Religion, Science, and the Public Imagination: The Restoration of Order in Early Modern France

Part of the The University of Western Ontario Series in Philosophy of Science book series (WONS, volume 58)


On the night of 17–18 October 1534, radical religious reformers posted broadsheets throughout Paris proclaiming war on public idolatry. This “affaire des placards” was a provocation that precipitated the prolonged and violent confrontation between Protestants and Catholics, the French Wars of Religion. The radical reformers attacked “the pompous and proud Papal Mass, ” denying that the words of the celebrating priest changed bread and wine into the body and blood of Christ. To them transubstantiation resembled a magical conjuration, a remnant of medieval ignorance; it was “a diabolical doctrine” that drove “these blind sacrificateurs” to idolatry, to the worship of Satan. As the civil authorities had failed to stop these offenses against religion, true believers had to alert the public to the danger; otherwise a divine vengeance “will soon totally destroy this world, plunging it into desolation, ruin, perdition, and the abyss.”1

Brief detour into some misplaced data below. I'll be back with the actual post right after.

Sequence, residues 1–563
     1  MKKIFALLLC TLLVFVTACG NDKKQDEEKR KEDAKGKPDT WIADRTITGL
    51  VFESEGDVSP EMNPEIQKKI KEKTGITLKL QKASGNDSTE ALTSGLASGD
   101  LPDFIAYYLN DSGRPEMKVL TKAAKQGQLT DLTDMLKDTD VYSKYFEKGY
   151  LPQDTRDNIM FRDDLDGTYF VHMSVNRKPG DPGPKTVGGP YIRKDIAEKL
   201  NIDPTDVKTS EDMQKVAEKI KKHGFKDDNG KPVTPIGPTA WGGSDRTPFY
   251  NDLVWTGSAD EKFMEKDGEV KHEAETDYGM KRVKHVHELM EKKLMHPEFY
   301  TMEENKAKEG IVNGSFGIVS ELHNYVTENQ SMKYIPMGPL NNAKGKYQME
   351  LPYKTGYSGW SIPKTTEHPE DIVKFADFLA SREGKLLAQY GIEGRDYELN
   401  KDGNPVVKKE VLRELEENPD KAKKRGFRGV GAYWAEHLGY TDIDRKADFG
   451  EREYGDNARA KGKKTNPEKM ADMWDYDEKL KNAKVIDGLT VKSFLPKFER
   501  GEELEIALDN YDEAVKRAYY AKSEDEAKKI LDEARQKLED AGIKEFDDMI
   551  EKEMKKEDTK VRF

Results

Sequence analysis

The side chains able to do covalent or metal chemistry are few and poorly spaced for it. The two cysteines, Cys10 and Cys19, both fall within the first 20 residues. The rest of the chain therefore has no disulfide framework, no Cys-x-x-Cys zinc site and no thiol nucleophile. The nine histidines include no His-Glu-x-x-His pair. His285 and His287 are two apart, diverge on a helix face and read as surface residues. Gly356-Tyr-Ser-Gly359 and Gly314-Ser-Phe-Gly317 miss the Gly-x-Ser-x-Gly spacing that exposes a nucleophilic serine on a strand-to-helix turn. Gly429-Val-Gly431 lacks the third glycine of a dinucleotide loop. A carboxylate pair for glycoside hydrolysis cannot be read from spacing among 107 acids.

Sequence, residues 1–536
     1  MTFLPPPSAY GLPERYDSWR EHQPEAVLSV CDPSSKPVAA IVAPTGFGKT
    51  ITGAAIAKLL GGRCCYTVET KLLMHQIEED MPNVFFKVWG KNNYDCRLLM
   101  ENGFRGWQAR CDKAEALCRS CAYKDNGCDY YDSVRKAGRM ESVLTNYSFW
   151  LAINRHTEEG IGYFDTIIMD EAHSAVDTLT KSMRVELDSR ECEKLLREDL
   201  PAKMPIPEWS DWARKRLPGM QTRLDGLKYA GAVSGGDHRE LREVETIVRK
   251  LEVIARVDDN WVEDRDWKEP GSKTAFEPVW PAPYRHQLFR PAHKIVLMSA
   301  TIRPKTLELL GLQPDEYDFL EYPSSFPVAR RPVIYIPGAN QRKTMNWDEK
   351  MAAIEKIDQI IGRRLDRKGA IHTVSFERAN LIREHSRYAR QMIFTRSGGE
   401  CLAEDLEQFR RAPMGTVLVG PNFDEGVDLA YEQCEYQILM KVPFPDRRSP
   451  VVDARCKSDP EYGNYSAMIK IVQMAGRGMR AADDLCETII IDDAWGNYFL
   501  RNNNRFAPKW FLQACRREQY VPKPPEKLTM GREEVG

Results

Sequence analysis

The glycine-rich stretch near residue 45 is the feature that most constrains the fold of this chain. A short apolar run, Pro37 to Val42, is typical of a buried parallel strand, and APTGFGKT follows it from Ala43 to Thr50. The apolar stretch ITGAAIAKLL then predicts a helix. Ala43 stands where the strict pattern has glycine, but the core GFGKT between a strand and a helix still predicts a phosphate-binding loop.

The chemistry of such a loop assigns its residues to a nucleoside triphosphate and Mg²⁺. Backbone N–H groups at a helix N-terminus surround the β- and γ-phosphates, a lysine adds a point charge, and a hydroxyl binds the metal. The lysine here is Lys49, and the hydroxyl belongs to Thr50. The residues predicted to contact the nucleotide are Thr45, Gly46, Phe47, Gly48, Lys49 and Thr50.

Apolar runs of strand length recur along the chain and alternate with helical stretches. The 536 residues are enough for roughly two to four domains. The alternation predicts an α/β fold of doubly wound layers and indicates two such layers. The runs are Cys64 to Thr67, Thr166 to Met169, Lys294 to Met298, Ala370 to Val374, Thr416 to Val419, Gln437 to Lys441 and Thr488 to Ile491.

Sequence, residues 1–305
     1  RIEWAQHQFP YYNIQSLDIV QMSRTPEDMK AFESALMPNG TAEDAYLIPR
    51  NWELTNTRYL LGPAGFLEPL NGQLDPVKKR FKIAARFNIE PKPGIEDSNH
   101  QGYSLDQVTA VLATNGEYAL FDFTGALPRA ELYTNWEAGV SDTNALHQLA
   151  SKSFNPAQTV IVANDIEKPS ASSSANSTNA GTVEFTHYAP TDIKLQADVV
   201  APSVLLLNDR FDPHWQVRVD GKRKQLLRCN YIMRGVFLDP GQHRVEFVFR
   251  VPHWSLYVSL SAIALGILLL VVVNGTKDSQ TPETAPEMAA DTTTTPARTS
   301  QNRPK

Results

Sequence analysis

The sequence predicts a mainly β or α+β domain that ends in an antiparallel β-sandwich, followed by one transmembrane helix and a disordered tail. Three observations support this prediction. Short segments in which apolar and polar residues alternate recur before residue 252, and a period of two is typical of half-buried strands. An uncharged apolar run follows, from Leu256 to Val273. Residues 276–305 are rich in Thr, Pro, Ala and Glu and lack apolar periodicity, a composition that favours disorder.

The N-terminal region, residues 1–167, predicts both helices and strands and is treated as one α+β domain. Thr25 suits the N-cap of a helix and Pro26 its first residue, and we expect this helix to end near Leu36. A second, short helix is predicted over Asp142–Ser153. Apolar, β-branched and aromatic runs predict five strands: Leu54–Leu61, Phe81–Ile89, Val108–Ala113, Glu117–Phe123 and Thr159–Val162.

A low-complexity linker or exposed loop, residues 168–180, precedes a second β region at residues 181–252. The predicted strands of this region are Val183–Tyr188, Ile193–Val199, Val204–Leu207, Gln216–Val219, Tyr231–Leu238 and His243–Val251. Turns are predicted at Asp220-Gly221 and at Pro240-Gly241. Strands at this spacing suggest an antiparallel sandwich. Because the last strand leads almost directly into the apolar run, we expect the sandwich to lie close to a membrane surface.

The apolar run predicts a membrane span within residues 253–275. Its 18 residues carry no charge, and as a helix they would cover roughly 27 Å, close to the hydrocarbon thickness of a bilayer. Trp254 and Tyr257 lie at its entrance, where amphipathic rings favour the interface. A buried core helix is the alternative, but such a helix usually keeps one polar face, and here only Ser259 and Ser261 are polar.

Body Politic Public Imagination Civil Authority Real Presence Civil Order 
These keywords were added by machine and not by the authors. This process is experimental and the keywords may be updated as the learning algorithm improves.


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